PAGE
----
Not only have House Republican leaders ditched a comprehensive immigration overhaul from the Senate, now they are even blocking a more modest effort from one of their own.
House GOP leaders have refused to allow a vote on legislation from Rep. Jeff Denham, R-Calif., that would provide legal status and a path to citizenship for immigrants who serve in the military.
Last week, Denham tried to attach his bill to the National Defense Authorization Act, a sweeping must-pass annual spending bill. But GOP leaders blocked a vote on the amendment. Denham has vowed to try again.
The country has a long history of naturalizing immigrants through military service. In 2002, President George W. Bush expedited citizenship for those who served after the Sept. 11, 2001 terror attacks—including those here illegally. Since then, the Immigration Policy Center estimates, 53,000 immigrants, those with legal status and not, have obtained citizenship through military service.
Denham, a former Air Force crew chief who served in Desert Storm, argued to his GOP colleagues that he knew many immigrants during his time in the service, and that they served the nation faithfully.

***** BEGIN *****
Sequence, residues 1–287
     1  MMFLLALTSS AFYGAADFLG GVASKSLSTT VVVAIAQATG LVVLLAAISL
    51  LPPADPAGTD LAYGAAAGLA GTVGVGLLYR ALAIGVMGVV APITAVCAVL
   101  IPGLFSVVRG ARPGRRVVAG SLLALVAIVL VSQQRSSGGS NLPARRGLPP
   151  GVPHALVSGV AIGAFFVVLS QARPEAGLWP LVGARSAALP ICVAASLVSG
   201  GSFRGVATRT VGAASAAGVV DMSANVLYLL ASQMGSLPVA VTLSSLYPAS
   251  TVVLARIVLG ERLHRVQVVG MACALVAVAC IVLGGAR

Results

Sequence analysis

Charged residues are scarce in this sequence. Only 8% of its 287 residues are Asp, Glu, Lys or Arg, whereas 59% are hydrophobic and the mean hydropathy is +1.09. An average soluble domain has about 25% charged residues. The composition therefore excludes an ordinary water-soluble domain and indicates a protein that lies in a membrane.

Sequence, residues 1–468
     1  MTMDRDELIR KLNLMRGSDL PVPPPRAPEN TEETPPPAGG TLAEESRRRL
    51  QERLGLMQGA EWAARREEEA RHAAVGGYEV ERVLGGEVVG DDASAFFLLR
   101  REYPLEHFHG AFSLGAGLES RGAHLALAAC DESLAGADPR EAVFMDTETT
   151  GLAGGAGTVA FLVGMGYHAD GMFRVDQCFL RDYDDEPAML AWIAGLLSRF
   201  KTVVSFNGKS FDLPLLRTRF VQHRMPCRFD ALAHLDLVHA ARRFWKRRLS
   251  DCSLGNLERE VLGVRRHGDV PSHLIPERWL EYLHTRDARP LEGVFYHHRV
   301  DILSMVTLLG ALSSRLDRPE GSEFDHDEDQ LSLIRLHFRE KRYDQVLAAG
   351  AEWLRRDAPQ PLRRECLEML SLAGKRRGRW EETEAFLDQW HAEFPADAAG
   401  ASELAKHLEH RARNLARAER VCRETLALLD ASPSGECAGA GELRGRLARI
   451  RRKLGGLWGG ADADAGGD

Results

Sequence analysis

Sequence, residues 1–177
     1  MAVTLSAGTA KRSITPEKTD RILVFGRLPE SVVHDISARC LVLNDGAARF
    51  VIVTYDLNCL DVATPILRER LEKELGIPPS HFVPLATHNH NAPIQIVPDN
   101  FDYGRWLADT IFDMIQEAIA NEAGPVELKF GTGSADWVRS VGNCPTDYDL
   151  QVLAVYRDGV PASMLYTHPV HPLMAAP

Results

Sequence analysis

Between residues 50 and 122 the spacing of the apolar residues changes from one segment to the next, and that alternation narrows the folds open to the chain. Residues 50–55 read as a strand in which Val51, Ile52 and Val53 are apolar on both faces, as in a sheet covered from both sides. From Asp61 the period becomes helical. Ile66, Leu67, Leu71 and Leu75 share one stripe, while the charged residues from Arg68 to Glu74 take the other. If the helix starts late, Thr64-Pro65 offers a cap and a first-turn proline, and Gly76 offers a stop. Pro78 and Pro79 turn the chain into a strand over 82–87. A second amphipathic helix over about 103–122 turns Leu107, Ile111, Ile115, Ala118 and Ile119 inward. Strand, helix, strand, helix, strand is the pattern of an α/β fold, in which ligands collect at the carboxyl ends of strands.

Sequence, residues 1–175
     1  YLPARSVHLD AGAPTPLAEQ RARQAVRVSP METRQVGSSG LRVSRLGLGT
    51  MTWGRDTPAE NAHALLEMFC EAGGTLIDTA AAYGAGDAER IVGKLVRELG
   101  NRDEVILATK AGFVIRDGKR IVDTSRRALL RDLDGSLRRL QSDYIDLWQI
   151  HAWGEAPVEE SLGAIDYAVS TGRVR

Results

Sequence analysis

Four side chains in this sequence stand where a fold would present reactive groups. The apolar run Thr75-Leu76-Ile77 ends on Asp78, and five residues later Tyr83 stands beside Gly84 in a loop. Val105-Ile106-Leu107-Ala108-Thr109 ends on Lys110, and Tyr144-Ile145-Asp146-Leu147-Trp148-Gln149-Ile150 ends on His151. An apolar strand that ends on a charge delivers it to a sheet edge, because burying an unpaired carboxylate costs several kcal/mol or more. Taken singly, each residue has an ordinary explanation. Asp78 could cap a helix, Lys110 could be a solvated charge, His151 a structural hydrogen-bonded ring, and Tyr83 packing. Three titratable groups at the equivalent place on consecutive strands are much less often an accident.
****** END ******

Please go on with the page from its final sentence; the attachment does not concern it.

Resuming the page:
Just as important to Denham, he represents a Central Valley agriculture-heavy district in California that is 40 percent Latino, according to the nonpartisan Cook Political Report.
But Denham is a bit of an outlier in the party. Most Republican lawmakers represent districts that have been gerrymandered into conservative strongholds, with few minority populations.
With the upcoming election, party leaders want to protect lawmakers from having to take votes that may be unpopular back home.
Call it the incumbent protection program.
A similar episode unfolded earlier this month in the Senate, where leaders could not agree to vote on the approval of the Keystone XL pipeline. Some Democrats were less than thrilled to go on the record with an issue that is toxic among environmentalists. And Republicans were loath to give a handful of endangered Democrats, mostly from states that support the pipeline, a chance to demonstrate their party independence by voting in favor of the project.